§ MR. MACDONALD
asked the Secretary of State for the Home Department, If his attention has been called to an inquest held on the bodies of three men who were killed by a fall of staging at Cleveland Ironworks, Middlesborough, a report of which appeared in the "Northern Echo" on 2nd instant; if his notice has been directed to the fact that the coroner suggested to the jury—That they should not add any recommendation to their verdict as to the prevention of similar 1905 accidents in future. There were able men at the head of the firm of Bolckow, Vaughan, and Co. who would take the matter into their consideration and devise whatever they could to prevent the recurrence of a similar accident in future;whether it be true that the Coroner is himself a partner in the Linthorpe Ironworks, Solicitor to the firm of Bolckow, Vaughan, and Co., to Bell Brothers, and to many others of the Ironmakers near Middlesborough; and, if it is customary that the legal representatives of large employers are appointed to act as coroners in the district where they may be situated, where they may be called upon to make inquiries relating to deaths that may take place at their own works, or at those they may frequently be called upon to represent in their professional character?
§ SIR WILLIAM HARCOURT,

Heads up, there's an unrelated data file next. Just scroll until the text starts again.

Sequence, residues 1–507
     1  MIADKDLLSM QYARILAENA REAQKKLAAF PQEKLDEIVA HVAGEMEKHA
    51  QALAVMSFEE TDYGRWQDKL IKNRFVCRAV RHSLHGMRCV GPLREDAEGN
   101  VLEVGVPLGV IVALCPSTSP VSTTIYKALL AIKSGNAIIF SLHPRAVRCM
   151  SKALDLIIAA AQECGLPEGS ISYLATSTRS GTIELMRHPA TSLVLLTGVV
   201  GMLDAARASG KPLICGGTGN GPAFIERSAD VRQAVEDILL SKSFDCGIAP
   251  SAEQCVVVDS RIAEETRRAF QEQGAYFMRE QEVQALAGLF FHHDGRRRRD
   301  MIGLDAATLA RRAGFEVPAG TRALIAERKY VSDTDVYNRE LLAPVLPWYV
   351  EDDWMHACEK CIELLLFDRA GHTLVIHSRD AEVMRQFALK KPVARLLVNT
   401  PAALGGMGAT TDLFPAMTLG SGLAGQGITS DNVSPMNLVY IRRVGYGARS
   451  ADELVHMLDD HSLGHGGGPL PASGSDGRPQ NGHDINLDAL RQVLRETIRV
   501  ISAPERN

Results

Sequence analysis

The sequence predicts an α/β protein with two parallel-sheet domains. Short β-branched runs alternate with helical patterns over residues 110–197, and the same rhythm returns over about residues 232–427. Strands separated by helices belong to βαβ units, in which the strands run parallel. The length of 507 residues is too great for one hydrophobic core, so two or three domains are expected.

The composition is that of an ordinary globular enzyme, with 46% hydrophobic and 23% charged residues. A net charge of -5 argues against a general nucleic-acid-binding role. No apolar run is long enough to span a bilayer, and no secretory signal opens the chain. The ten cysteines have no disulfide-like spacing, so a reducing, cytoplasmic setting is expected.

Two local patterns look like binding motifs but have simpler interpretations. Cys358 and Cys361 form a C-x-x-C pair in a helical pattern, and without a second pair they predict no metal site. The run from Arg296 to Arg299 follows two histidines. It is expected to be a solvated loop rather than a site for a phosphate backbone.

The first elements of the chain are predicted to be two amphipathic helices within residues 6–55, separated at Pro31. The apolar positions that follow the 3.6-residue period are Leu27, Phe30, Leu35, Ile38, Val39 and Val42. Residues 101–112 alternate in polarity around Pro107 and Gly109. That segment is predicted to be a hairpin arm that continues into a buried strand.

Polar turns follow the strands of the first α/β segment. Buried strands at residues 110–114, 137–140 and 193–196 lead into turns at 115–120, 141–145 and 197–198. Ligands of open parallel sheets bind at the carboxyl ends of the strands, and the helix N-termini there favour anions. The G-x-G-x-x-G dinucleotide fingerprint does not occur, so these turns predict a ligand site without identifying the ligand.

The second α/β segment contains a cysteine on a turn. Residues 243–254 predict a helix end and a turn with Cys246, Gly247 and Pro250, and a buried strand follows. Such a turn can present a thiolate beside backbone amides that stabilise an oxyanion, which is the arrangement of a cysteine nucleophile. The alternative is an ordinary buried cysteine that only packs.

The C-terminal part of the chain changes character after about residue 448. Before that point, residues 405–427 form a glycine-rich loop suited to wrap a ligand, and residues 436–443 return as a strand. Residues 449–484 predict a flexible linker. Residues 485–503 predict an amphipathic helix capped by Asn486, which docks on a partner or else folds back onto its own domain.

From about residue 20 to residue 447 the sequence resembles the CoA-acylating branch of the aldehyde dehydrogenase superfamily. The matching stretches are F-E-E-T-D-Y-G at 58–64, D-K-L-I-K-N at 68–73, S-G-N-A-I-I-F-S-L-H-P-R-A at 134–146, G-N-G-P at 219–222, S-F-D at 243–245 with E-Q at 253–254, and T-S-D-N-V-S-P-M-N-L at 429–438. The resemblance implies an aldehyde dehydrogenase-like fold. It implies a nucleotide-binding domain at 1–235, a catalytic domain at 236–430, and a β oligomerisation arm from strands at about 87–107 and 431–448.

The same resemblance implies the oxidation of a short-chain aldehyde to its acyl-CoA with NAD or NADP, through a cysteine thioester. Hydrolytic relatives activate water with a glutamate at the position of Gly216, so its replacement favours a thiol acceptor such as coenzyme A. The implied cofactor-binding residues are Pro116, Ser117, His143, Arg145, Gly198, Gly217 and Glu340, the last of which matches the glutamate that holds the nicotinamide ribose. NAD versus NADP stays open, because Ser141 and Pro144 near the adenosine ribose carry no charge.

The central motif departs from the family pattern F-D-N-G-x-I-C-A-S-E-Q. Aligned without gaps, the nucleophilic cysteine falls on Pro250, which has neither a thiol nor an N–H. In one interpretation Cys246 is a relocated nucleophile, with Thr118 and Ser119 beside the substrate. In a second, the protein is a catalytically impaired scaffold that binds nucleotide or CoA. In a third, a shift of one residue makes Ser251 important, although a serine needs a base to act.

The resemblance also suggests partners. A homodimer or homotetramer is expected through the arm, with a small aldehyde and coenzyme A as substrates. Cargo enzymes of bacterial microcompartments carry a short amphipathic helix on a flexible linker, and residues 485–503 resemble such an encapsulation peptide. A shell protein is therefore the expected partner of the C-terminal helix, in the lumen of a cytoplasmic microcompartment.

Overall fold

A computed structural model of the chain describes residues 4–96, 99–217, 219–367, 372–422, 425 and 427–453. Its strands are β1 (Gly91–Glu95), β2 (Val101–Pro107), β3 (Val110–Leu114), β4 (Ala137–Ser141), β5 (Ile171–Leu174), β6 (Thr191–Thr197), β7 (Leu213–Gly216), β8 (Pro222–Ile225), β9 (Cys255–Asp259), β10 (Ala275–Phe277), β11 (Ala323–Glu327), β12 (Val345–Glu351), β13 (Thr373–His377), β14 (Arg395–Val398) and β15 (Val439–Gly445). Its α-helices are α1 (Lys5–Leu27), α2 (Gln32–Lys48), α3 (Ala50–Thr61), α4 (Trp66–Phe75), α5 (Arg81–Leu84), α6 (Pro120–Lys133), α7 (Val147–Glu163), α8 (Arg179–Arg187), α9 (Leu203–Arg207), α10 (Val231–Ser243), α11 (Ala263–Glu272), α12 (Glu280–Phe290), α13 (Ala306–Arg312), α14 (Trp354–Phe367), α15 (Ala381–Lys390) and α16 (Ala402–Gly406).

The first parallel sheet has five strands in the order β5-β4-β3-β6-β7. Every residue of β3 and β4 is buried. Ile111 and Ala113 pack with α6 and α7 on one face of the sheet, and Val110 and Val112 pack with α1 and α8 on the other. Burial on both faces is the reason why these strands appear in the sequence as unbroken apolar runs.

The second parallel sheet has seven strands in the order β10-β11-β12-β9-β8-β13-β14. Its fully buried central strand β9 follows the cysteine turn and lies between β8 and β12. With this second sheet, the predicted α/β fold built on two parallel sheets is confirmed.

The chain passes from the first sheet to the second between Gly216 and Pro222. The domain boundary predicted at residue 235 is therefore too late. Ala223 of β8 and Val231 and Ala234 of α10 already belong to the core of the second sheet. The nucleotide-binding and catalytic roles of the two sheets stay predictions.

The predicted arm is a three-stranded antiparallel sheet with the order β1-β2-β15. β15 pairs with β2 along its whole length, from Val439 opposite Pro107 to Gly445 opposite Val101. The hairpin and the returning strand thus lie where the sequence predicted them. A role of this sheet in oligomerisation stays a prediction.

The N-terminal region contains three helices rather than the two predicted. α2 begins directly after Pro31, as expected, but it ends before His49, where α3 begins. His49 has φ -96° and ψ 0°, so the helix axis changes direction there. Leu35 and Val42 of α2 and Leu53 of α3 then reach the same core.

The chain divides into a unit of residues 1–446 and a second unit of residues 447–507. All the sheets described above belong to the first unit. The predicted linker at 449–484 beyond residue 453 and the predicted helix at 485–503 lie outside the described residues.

in reply, said, he had received a communication from the Coroner, who stated that the report quoted in the Question of what he told the jury was inaccurate, as clearly appeared from the correct reports given by several other newspapers. What the Coroner really said was that no doubt the jury would recommend the manager of the firm of Bolckow, Vaughan & Co. to take steps to prevent the recurrence of such an accident; but he advised them, instead of expressing an opinion as to the precise course to be adopted, to leave that to the able manager of the concern. A statement from the foreman of the jury fully confirmed this account of what the Coroner actually said. The Coroner denied that he was, directly or indirectly, interested in any of the works either as a partner or shareholder. That gentleman said he had been Coroner for many years, and no doubt as to his impartiality had ever yet been raised. Eminent solicitors were very often and very properly employed as Coroners; indeed, they were the best men who could be found to fill the office. Of course, it constantly happened that when a person was the best solicitor in a neighbourhood he was employed by persons of all descriptions. No doubt in that sense this gentleman had been employed by individuals who required legal advice and assistance. He thought that the hon. Member's Question was founded on the inaccurate report given in a newspaper of what the Coroner said.